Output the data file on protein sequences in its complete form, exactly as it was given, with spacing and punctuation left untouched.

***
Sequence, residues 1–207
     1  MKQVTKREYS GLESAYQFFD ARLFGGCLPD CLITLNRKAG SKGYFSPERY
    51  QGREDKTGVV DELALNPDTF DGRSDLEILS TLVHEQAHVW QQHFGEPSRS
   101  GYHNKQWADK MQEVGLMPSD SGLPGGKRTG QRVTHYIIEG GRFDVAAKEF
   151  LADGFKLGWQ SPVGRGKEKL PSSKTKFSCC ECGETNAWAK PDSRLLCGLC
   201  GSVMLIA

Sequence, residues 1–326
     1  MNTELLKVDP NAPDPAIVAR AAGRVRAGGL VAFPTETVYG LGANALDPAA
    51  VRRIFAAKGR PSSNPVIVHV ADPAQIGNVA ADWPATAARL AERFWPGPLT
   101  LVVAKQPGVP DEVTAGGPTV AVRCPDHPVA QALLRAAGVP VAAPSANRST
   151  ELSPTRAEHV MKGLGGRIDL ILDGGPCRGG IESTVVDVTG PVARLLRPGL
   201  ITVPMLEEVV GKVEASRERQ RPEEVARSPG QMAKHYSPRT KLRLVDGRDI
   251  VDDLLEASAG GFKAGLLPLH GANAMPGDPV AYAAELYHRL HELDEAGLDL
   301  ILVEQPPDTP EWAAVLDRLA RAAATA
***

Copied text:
Sequence, residues 1–207
     1  MKQVTKREYS GLESAYQFFD ARLFGGCLPD CLITLNRKAG SKGYFSPERY
    51  QGREDKTGVV DELALNPDTF DGRSDLEILS TLVHEQAHVW QQHFGEPSRS
   101  GYHNKQWADK MQEVGLMPSD SGLPGGKRTG QRVTHYIIEG GRFDVAAKEF
   151  LADGFKLGWQ SPVGRGKEKL PSSKTKFSCC ECGETNAWAK PDSRLLCGLC
   201  GSVMLIA

Sequence, residues 1–326
     1  MNTELLKVDP NAPDPAIVAR AAGRVRAGGL VAFPTETVYG LGANALDPAA
    51  VRRIFAAKGR PSSNPVIVHV ADPAQIGNVA ADWPATAARL AERFWPGPLT
   101  LVVAKQPGVP DEVTAGGPTV AVRCPDHPVA QALLRAAGVP VAAPSANRST
   151  ELSPTRAEHV MKGLGGRIDL ILDGGPCRGG IESTVVDVTG PVARLLRPGL
   201  ITVPMLEEVV GKVEASRERQ RPEEVARSPG QMAKHYSPRT KLRLVDGRDI
   251  VDDLLEASAG GFKAGLLPLH GANAMPGDPV AYAAELYHRL HELDEAGLDL
   301  ILVEQPPDTP EWAAVLDRLA RAAATA